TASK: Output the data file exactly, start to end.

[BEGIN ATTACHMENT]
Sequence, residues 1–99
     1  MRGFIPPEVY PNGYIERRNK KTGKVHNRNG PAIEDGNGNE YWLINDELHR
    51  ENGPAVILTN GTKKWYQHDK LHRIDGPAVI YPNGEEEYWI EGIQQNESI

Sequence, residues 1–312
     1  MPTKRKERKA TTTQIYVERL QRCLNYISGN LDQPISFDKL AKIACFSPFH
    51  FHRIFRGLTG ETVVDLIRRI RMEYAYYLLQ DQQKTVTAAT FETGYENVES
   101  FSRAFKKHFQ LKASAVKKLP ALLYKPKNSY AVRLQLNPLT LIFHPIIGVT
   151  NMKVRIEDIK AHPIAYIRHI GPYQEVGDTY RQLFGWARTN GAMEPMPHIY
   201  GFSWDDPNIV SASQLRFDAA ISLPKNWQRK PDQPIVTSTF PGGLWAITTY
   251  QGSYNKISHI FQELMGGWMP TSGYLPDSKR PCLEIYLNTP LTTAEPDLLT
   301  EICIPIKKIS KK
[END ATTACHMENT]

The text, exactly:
Sequence, residues 1–99
     1  MRGFIPPEVY PNGYIERRNK KTGKVHNRNG PAIEDGNGNE YWLINDELHR
    51  ENGPAVILTN GTKKWYQHDK LHRIDGPAVI YPNGEEEYWI EGIQQNESI

Sequence, residues 1–312
     1  MPTKRKERKA TTTQIYVERL QRCLNYISGN LDQPISFDKL AKIACFSPFH
    51  FHRIFRGLTG ETVVDLIRRI RMEYAYYLLQ DQQKTVTAAT FETGYENVES
   101  FSRAFKKHFQ LKASAVKKLP ALLYKPKNSY AVRLQLNPLT LIFHPIIGVT
   151  NMKVRIEDIK AHPIAYIRHI GPYQEVGDTY RQLFGWARTN GAMEPMPHIY
   201  GFSWDDPNIV SASQLRFDAA ISLPKNWQRK PDQPIVTSTF PGGLWAITTY
   251  QGSYNKISHI FQELMGGWMP TSGYLPDSKR PCLEIYLNTP LTTAEPDLLT
   301  EICIPIKKIS KK